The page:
It doesn’t matter how good your unified communications system is, it won’t work if your employees can’t get on board. A group can only move as fast as its slowest member. The way you choose to roll out your unified communications technology to employees could have a massive impact on the company.
What if Susan in accounts hates the new payroll software and everyone's wages are delayed? What if David can’t set up a conference call when you have an important client waiting? What if Monica doesn’t understand the app for logging shipment details and your entire stock has left the warehouse and vanished into the ether? Embracing technological change comes easier to some than others and it’s something that most businesses can’t afford to get wrong. It's not just a question of operational ability for your company but also staff morale.
Here's what you might want to consider for your employees as you make changes in the work environment.
Engage your employees early
The earlier you can get your staff on board the better. If employees have been meaningfully consulted on what will make their working lives better, then they may be able to help design and implement the new system. If they can understand the benefits of the system in advance of its installation, they are less likely to reject it out of hand. Most employees will fail to adopt technology they don’t see as an improvement on what they currently do. Although it may be obvious to an outsider what the benefit of new technology is, workers are often reluctant to let go of comfortable systems that feel safe. The smartest leaders leave plenty of space for those experiencing change to make choices. Invite them to meaningfully participate in upcoming changes and you’ll reap the rewards in the long run.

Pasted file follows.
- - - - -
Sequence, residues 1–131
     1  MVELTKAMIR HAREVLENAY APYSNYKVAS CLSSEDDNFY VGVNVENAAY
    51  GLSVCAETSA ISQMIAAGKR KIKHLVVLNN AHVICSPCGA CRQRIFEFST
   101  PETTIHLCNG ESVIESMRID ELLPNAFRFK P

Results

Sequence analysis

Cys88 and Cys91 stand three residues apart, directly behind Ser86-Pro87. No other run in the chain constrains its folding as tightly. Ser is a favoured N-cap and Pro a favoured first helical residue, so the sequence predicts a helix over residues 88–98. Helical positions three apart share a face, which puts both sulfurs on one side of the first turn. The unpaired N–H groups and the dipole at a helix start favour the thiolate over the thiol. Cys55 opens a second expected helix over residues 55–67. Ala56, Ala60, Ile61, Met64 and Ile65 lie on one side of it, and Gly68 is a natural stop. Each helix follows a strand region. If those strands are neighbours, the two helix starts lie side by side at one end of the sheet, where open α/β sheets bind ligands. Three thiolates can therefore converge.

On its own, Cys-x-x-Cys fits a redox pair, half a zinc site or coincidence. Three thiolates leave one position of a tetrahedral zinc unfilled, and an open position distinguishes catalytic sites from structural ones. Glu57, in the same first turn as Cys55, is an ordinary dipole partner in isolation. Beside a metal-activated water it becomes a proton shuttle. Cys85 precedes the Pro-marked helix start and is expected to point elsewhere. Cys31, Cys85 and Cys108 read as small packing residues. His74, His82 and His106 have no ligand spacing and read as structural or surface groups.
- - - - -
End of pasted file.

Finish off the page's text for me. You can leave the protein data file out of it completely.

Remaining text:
Find your champions
It can be lonely being the single voice for change. Most employees will struggle if there is a disconnect between the people instigating change and those who have to implement the change. If there is resistance to a new system being introduced, then try and find champions. Look for key members of staff who have significant social influence and who will defend changes in casual conversation when the issue is brought up away from the ears of management.
Explain why you're updating
It may be a good idea to explain why technology is being updated and what the company stands to gain. It may be absolutely clear to senior management but not immediately obvious to those who work at lower levels. If change feels like you’re asking your staff to throw themselves off a cliff blindfolded then human nature will see them sticking rigidly to the status quo. “Better the devil you know than the devil you don’t” rings true at this point. That inertia can be overcome but employees will need to feel safe. Getting them to see the real-world benefit of applied technology is crucial. Showcasing what it can do for them and how it can make their job easier will help get them on board earlier and with greater levels of enthusiasm. Give your staff absolute certainty, processes, and timetables. If you lead with confidence, they will follow.